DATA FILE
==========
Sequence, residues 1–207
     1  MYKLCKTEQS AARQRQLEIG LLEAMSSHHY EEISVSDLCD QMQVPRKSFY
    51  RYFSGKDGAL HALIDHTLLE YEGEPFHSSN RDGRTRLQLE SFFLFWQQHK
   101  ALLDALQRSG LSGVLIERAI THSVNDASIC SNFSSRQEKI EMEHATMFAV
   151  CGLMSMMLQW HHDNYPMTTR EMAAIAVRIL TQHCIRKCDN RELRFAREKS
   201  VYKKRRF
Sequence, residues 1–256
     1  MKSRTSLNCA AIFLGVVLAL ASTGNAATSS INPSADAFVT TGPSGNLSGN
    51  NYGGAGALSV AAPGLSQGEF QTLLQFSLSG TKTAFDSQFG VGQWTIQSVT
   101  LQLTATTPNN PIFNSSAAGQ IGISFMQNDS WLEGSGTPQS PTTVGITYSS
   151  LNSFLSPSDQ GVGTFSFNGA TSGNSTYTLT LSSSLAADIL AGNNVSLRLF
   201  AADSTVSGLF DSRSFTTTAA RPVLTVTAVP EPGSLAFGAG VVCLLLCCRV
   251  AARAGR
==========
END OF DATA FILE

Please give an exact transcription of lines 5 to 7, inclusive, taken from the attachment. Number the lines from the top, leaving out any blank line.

   151  CGLMSMMLQW HHDNYPMTTR EMAAIAVRIL TQHCIRKCDN RELRFAREKS
   201  VYKKRRF
Sequence, residues 1–256